REVIEW: Pulse (Jim Sonzero, 2006)

University student Mattie Webber (Kristen Bell) is desperately wanted... by the dead. In fact, thanks to her boyfriend's technological blunder, our dearly departed are viciously sucking the will to live from everyone in the world via their cell phones and wi-fi connections. Yes, you read that last sentence correctly. After co-writer Wes Craven abandoned his directorial post, television commercial director Jim Sonzero (who ridiculously refers to the project as a "cautionary tale" concerning the overuse of technology) assumed the captain's position on this remake of a 2005 Kyroshi Kurosawa film.

Now, I have not seen the original version of Pulse, but it's fairly safe to assume that this Americanized version conforms to previous Japanese horror remakes in the respect that it trades ingenuity for recycled cheap thrills. Frequent genre producer Joel Soisson (FeastDracula 2000) sounded proud when he said they've "expanded" upon the predecessor to make it "bigger and scarier." I saw the trailer in theaters, sandwiched between a Sprite ad and a Fandango ad, and thought that although it was clearly a doomed production with a preposterous premise, the terrifying visuals alone would be worth the price. Said visuals even reminded me of a recent horror remake that I love, William Malone's 1999 House on Haunted Hill, which in my opinion had rare success in expanding upon its roots and in making it uniquely and consistently chilling.

Combining tired cliches with an uninteresting onslaught of slow-moving scenes that fail to progress the storyline, Pulse succeeds in driving the horror genre, which is already on life-support quality-wise, even deeper into obscurity. The only kinship to Malone's work exists in some severely underused quick cuts that display horrific images unrelated to the subject matter (this is my favorite aspect of House on Haunted Hill and even Malone's inferior follow-up, feardotcom - the seemingly reckless carnival of creepy images spicing up the scares). I almost want to give the filmmakers credit for toying with the watch-co-eds-get-killed-in-succession formula, but their adjustments don't amount to much. Our "twist ending" isn't even a twist, really. It is merely an atypical result among Pulse's peers. Possibly the only positive to be found is in the occasionally evocative composition.

The characters, whose minimal development quickly grows tedious, are so boring that I didn't care which of them lived or died. The males in particular were so annoying I wanted them to die simply to get them out of the movie. And to think that these archetypes are conceived to reflect and relate to modern day youth. Maybe a plague of ghosts who download themselves onto these kids' iTunes wouldn't be so bad after all.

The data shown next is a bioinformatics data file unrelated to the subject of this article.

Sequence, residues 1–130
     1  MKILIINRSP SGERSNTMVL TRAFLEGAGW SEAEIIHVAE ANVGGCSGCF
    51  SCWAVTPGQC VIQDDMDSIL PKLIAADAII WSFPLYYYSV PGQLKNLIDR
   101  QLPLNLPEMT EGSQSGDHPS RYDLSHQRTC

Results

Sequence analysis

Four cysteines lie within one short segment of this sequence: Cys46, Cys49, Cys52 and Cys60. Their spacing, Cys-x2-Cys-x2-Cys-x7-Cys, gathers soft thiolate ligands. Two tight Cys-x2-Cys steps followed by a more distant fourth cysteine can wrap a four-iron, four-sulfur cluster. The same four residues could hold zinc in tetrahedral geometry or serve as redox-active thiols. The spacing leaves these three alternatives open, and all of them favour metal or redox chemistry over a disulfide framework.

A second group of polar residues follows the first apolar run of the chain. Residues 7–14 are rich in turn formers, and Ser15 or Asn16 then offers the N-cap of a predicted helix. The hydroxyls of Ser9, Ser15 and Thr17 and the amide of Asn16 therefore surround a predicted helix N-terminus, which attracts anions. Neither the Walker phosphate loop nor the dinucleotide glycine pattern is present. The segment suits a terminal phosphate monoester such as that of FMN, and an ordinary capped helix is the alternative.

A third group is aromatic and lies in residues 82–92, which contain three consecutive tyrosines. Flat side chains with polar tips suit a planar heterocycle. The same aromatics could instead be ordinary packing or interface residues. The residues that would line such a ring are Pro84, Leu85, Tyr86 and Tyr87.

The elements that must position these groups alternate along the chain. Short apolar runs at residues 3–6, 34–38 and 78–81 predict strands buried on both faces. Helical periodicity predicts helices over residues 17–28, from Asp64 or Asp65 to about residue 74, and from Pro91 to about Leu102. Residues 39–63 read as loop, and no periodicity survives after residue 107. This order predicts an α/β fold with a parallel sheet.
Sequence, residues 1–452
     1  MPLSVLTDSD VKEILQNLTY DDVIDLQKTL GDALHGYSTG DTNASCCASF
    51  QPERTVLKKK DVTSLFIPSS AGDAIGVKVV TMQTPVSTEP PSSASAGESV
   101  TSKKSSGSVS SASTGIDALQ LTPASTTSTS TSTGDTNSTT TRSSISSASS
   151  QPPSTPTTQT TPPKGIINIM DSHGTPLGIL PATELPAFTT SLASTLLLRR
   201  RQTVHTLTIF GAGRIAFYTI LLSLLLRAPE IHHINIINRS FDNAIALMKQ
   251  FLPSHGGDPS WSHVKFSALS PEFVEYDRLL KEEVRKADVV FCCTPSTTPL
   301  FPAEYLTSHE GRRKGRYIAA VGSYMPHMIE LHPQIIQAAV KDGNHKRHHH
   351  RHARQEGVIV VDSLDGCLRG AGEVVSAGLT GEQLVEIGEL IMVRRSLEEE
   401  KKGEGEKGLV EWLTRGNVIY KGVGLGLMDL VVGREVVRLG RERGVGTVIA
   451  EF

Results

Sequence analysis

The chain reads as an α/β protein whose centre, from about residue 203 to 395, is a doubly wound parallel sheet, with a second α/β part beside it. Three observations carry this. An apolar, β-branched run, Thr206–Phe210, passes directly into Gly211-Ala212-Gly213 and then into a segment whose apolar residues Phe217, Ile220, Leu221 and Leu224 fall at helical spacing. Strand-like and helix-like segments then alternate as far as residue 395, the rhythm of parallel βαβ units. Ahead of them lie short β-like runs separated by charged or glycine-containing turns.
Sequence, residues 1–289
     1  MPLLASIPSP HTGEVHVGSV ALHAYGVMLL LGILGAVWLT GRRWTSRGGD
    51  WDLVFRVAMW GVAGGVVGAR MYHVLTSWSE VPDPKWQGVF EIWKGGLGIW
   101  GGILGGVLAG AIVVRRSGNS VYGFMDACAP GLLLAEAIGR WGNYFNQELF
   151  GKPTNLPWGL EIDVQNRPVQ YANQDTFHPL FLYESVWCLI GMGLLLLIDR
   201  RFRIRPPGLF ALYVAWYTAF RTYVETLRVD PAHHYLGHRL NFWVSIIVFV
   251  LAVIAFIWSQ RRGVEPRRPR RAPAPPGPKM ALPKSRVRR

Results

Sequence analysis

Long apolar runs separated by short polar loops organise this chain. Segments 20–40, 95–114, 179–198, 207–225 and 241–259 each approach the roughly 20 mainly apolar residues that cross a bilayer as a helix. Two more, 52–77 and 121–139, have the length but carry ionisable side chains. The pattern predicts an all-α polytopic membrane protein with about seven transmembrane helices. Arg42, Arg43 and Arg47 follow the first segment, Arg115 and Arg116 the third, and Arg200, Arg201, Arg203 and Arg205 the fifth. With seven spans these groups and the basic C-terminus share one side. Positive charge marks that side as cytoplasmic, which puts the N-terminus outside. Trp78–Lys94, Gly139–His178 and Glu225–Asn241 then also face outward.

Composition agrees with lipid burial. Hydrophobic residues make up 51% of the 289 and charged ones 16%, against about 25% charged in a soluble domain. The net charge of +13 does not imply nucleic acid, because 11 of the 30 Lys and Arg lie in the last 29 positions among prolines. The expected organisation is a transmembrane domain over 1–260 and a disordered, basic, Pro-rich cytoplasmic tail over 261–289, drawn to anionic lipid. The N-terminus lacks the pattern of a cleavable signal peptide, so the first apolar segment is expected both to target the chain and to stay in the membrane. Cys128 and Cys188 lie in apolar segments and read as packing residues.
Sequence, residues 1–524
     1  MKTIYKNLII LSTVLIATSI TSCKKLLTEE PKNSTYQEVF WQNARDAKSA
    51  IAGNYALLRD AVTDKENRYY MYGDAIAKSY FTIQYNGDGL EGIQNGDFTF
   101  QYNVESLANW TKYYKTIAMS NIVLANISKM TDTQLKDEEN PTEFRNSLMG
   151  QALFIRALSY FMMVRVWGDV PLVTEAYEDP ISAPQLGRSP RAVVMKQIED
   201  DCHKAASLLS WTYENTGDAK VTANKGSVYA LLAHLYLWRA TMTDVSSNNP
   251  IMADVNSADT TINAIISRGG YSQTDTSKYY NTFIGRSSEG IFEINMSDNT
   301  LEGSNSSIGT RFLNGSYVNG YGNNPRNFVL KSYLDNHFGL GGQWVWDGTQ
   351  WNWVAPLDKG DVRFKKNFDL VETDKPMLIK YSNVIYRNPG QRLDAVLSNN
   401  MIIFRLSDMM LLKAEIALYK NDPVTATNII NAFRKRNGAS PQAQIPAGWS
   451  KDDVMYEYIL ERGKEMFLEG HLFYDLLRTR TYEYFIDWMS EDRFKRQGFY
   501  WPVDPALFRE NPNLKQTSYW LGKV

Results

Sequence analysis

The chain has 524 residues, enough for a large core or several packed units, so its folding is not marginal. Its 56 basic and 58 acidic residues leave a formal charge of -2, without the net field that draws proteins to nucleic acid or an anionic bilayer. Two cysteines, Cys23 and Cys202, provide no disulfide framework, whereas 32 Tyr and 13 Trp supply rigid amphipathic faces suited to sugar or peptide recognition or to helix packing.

Even if you're a horror-buff you should probably skip Pulse. If you've seen the trailer, you've seen everything you need to see and you've probably experienced more terror than the film itself has to offer. It'll take me a while to justify paying full price for it, but at least it helped me prove once again that negative reviews are so much easier to write than positive ones.


REVIEW: Angel Heart (Alan Parker, 1987)

Harry Angel is a candid 1950's private eye who's just been handed a high-paying gig locating a man named Favorite. Simple, right? As people connected to Favorite begin turning up brutally murdered, Heart begins to realize that he's in miles over his head. Mickey Rourke stars in this 1987 film from Alan Parker (Pink Floyd's The Wall) that features appearances by Lisa Bonet, Robert De Niro and Charlotte Rampling.

Like, say, Danny Boyle, Parker has a reputation for taking a different approach to each film he does. Something he and cinematographer Michael Seresin accomplish masterfully is the hard-boiled noir look. As Parker put it, they were making a black-and-white film in color. Furthermore, the New Orleans scenes were physically uncomfortable to watch not because of the subject matter (not to imply that the subject matter was at all settling) but because the actors appeared sweaty and exhausted under the unforgiving sun - a unique display in film.

While well conceived, Angel Heart failed to entice me despite its constant sense of mystery. The clues throughout don't seem to amount to much since we don't know what the case is to begin with. This is similar in fashion to The Machinist, which builds to something interesting for the duration but would be much more intriguing if we knew at least a smidgen more about what it was. I'm definitely one to believe in film as art in the respect that it should be accepted as it is and not expected to aspire to be anything else (I call it "the Forrest Gump complex"), but I've never thought that requiring a second viewing is a good quality. It is true that I may enjoy and understand Angel Heart significantly more on another run-through, but after the first I have to admit I'm not eager to venture there again any time soon.

Angel Heart clearly generates a mixed reaction from its audience - some people love it (going as far as calling it the greatest horror film of the 20th century and De Niro's best performance next to Raging Bull) and others, like myself, are more lukewarm. Indifferent, even. I would not discourage viewing it though - one thing is for sure, it's far from being a bad film.